First off, I wanted to congratulate you for this post. The content team found it to be informative, handy as a reference, and well thought-out. I know you’d have these questions whether publicly acknowledged your post or not but wanted to say this up front. Spoiler alert: while we haven’t published the Top 7 yet, we will shortly and your post is one of the articles chosen. I also want you to know that we were not pressured to pick your article because of this discussion. We were planning to pick it yesterday.

Now, on to your questions...

What dictates what is promoted on social media?

We have a team of social media content specialists that scan tag pages and the home feed and then primarily pull quotes from the articles chosen to draft and schedule social posts. The entire goal here is to promote our community members in their words much more often than we promote DEV as a company. Our social content specialists are careful to do what we call “balancing the feeds”. This means that while they certainly look at popular posts (towards the top of dev.to/top/week), they are also careful to ensure we aren’t only promoting authors within one community, gender, race, or one subject.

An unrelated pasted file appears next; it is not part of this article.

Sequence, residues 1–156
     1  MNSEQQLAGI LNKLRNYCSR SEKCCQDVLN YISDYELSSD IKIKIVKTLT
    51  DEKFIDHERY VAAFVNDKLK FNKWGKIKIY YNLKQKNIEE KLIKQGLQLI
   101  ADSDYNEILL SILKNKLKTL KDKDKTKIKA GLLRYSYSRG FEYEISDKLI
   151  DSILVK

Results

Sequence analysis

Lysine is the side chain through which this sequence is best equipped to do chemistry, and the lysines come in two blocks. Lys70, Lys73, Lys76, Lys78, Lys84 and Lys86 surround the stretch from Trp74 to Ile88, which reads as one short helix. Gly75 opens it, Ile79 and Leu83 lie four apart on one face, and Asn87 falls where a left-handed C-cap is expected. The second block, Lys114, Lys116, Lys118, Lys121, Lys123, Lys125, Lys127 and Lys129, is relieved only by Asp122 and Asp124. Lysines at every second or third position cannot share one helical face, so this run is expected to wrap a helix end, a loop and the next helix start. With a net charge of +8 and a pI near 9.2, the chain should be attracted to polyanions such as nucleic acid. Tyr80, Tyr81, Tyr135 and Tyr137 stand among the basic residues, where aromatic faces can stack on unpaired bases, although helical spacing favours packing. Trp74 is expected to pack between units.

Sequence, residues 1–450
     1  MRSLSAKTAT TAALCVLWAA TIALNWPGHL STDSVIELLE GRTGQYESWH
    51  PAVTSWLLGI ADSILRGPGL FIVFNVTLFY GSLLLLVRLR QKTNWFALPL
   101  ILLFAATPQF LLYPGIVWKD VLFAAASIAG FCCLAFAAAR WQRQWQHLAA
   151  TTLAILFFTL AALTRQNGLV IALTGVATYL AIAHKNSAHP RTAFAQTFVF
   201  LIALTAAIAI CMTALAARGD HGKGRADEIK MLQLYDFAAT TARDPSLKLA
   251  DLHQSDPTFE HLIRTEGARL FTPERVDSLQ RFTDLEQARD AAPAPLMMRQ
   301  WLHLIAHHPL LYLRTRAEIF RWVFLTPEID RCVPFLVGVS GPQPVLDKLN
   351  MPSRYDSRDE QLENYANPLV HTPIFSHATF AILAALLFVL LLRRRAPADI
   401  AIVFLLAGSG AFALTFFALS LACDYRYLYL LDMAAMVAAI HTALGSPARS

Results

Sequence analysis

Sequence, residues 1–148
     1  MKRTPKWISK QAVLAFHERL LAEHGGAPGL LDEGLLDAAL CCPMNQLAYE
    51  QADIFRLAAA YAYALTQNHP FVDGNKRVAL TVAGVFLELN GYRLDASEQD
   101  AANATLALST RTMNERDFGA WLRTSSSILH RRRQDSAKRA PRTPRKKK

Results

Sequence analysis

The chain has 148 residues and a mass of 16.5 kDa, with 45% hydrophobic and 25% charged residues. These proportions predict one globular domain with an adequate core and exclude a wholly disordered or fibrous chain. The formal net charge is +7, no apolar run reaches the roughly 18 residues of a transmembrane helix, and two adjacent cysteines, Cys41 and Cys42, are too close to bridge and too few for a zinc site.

What dictates top comments in the newsletter / weekly post?

Here’s how the process of creating the top 7 usually works:

We begin by looking at dev.to/top/week to see what articles are getting a lot of attention and are particularly “beloved” that week.
We scroll all the way through and (in the very least) scan all of the posts we hadn’t already come across the week prior.
We take a look at particular tag pages like #a11y, #mentalhealth, #career, etc and select posts that are fantastically written, thoughtful, or helpful but might not have gotten picked up from our “top articles” algorithm/feed
From there, we hone in on a list of articles deemed to be the “Top” 7 according to the community in general and our content team. Similar to our social media feeds, we use a great deal of editorial curation to comb through our options and pick a list of authors and subjects that are diverse in every sense as much as possible.

I will also say that last week, we actually changed the name of the “Top 7 Most Popular [...]” to be the “Top 7 Featured” to better reflect this editorial process. We’ve been doing this series pretty much since DEV began, so it felt like it was time to update the name to match the way the volume of our content (and therefore, algorithm and curation process) has changed.

Is there a bit of luck involved as to which posts the DEV team happen to read, as I understand you can't possibly read them all?